About a year ago I sat in a full conference room listening to Peter Bhatia, Editor of The Oregonian, talk about the future of the news department that he led. I thought it was commendable that he was the first to admit that his newspaper would have to change with the times and rely less on the practice of daily printing.
Yesterday that change was announced. Oregon’s largest daily newspaper, The Oregonian, will only offer home delivery three times per week. It will be a daily “newspaper” online at OregonLive.com and will be available daily at newsstands, for the time being.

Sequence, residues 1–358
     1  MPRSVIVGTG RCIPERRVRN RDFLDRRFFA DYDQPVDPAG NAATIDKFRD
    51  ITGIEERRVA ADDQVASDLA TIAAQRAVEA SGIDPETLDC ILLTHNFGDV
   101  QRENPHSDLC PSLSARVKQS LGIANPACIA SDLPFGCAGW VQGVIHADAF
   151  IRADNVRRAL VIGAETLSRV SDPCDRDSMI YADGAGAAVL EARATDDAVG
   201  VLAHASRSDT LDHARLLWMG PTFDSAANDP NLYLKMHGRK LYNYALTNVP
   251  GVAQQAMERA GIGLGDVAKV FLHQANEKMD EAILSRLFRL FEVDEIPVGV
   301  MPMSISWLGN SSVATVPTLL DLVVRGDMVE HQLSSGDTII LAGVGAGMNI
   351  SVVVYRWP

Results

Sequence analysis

We have seen the writing on the wall for quite some time now. Grandparents have Facebook pages, purchases can be made with our phones, and news desks rely more on Twitter feeds than police scanners (according to NBC affiliate KGW). The scary thought is that many of our clients don’t even subscribe to The Oregonian. If that is not a sign that traditional PR needs to change, than I don’t know what is.
While we will never steer away from traditional PR as a core of what we do, we have been adding to our media relations toolbox. There will always be a need for PR in the old-fashioned sense but we must execute in different ways, through new channels and even expect new outcomes. Who’s to say that a tweet from a top reporter is not as good as a front page article?
Many of us are sad to see the paper as we know it go away. Thumbing through it can be a comforting and habitual experience — much like the morning coffee routine. Yet humans, like PR professionals and newsrooms, are adaptable.